NATIONAL

[Weekender] Surging apartment prices frustrate Seoul residents

By Kim Bo-gyung
  • Published : Jan 10, 2019 - 16:10
  • Updated : Jan 10, 2019 - 16:10

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When looking down at Seoul up in the sky, the capital is filled with square-shaped apartment clusters and gray sky-high office buildings.

South Korea’s rapid economic development centered on Seoul has made the country’s capital one of the most populous cities in the world, with skyrocketing housing prices.

Over-the-top housing prices have become a major social problem here, amid widespread public outcry for the government to tackle the issue.

Among various types of housing in the nation, apartments are the most dominant and symbolic of the middle-class.

The number of apartment homes came to 10.3 million, accounting for 60.6 percent of houses, according to data from Statistics Korea.

“I was on board an airplane for a business trip. I looked down at the city and felt extremely frustrated and despondent. Seoul is a concrete jungle packed with office buildings and apartments, but I can’t seem to find a decent one-room apartment within budget,” said Michael Yoo, 34, who works at a large conglomerate.

He added, “I make about 3.8 million won ($3,400) a month, which is well above average. I am not in debt, yet according to my calculation, it would take me over 10 years to purchase an apartment with two rooms on the outskirts of Seoul.”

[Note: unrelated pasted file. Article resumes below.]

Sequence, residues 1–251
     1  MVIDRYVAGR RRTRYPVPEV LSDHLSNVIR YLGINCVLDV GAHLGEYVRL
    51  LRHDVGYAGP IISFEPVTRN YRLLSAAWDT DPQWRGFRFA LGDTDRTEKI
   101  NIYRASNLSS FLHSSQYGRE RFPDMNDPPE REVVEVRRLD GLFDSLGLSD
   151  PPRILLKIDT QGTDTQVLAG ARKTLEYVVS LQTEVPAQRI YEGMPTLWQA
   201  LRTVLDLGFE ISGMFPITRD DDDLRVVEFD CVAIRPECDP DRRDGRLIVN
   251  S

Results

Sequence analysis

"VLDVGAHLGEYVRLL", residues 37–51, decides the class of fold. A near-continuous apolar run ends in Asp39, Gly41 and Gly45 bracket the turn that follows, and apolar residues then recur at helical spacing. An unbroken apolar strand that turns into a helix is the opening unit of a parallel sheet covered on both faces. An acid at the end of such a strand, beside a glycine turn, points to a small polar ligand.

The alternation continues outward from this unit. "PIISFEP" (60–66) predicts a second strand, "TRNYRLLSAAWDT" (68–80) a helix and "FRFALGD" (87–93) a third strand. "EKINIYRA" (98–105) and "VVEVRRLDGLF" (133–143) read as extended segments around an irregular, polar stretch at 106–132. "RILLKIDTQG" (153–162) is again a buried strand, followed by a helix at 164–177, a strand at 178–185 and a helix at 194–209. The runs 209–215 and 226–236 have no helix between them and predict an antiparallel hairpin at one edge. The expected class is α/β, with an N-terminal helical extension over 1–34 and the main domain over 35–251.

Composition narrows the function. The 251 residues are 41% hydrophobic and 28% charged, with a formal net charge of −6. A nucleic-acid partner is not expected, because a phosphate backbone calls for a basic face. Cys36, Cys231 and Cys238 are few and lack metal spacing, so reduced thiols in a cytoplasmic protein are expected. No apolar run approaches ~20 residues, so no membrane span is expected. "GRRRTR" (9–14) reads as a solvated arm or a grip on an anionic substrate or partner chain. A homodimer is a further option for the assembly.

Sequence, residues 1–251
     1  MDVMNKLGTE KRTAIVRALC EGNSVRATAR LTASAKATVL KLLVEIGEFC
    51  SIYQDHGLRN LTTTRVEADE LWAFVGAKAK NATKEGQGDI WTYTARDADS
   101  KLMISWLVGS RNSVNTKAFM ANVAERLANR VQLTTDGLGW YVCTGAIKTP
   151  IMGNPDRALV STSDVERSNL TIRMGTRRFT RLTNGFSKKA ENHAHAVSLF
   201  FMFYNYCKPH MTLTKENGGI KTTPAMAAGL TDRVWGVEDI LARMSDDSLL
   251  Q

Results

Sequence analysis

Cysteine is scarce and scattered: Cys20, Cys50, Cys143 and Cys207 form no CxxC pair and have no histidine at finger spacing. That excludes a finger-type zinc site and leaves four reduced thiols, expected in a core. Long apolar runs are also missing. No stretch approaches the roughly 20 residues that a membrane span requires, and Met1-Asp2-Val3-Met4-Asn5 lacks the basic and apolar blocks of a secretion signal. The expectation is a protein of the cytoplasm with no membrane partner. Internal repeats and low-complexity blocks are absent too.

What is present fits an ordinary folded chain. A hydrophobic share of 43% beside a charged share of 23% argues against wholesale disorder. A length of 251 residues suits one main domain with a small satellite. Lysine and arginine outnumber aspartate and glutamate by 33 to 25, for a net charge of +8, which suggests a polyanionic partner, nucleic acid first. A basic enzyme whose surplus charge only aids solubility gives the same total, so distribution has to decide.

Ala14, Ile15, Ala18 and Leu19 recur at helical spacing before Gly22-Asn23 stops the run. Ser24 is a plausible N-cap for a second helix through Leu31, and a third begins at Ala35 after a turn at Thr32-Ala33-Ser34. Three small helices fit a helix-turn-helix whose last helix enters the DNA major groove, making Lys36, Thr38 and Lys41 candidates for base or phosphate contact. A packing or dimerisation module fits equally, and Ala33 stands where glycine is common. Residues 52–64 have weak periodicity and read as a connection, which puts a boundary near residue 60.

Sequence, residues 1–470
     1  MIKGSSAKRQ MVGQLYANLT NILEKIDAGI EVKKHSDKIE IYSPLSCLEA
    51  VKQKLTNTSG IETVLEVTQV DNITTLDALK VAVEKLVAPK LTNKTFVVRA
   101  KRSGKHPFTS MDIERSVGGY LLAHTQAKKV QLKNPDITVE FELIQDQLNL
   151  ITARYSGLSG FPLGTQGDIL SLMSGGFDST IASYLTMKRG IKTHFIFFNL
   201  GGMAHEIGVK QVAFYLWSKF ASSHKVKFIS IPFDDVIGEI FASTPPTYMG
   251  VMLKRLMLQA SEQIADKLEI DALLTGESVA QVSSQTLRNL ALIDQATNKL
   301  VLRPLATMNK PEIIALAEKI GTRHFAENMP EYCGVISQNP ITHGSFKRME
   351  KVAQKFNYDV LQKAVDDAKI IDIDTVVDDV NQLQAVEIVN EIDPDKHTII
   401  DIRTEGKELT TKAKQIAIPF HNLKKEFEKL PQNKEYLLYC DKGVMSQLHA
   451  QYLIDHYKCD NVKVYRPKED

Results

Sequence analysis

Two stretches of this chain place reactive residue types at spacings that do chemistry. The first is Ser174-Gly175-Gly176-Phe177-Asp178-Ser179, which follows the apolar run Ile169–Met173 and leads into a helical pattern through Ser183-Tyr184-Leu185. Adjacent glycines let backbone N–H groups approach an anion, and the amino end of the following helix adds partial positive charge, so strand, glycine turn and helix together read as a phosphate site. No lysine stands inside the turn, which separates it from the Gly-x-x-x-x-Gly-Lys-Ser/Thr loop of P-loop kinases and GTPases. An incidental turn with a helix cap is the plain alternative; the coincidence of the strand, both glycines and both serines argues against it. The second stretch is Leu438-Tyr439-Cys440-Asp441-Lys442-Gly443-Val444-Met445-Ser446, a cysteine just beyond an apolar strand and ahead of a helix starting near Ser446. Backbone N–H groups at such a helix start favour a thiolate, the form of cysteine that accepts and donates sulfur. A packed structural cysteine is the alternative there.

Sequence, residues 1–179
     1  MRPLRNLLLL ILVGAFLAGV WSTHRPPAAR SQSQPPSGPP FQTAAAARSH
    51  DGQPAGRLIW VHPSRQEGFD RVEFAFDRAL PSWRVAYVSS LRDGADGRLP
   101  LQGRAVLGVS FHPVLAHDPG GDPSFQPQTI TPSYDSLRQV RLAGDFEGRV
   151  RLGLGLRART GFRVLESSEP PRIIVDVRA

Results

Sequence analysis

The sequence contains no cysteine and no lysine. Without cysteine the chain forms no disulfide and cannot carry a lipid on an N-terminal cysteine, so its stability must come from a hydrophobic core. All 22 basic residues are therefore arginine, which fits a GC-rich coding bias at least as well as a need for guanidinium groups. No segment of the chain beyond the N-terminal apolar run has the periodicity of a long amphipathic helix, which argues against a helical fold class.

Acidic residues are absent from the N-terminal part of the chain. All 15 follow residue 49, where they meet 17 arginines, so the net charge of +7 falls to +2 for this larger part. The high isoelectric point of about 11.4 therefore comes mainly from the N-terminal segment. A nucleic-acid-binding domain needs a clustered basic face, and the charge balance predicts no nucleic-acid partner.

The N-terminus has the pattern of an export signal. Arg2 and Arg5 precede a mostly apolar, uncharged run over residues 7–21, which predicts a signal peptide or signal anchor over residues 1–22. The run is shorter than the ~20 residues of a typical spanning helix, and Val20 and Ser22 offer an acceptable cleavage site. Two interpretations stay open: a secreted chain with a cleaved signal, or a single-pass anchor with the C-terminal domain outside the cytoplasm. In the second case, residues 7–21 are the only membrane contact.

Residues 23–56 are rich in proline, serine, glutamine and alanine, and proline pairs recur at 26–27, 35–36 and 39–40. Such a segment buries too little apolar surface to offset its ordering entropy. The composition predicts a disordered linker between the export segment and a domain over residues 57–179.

Apartment prices in the city are reaching new highs, driven by real estate speculation and people who choose to move to Seoul for education and work.

The price to income ratio released by NH Investment & Securities showed that as of 2018, Seoul residents would have to save up their disposable income for 21.1 years to buy a house in Seoul compared to 20.6 years in London, 13.1 years in Tokyo and 11.3 years in New York.

View of apartments in southeastern Seoul (Yonhap)
오전 서울 강동구 일대의 아파트 모습. 2

“Seoul’s PIR is similar to levels back in 2009, after the global financial crisis, when the figure reached its peak. Housing prices are overvalued compared to rent and the rise in income,” said Kim Hyung-keun, an analyst of NH Investment & Securities.

The cost of an apartment in Seoul averaged 27.6 million won per 3.3 square meters in May 2018, up 19.1 percent on-year, according to KB Kookmin Bank.

In the same period, the average price of an apartment in Seoul rose more than 100 million won to 716.6 million won from 670.8 million won, it added.

While apartment prices soared in double digits, the monthly income of an average three-person household rose 1.5 percent on-year to some 5 million won in 2017 from 4.9 million won.

Seeking to curb soaring housing prices, the government introduced a slew of real estate regulations last year.

Kim predicted Korea’s real estate market would slow down this year, largely due to stricter restrictions for loans, higher tax, an increase in interest rate, and a greater number of new homes.

“The real estate market of rural regions and Gyeonggi Province will enter a slowdown, and Seoul will begin to see a decline. The housing price drop will expand to Seoul and Gyeonggi Province,” Kim said.

Hoping for better days ahead, Yoo said, “I understand the government is trying to tackle housing prices in Seoul. But this time I hope it’ll be done properly for people earning average income to be able to live in an average house.” 

By Kim Bo-gyung (lisakim425@heraldcorp.com)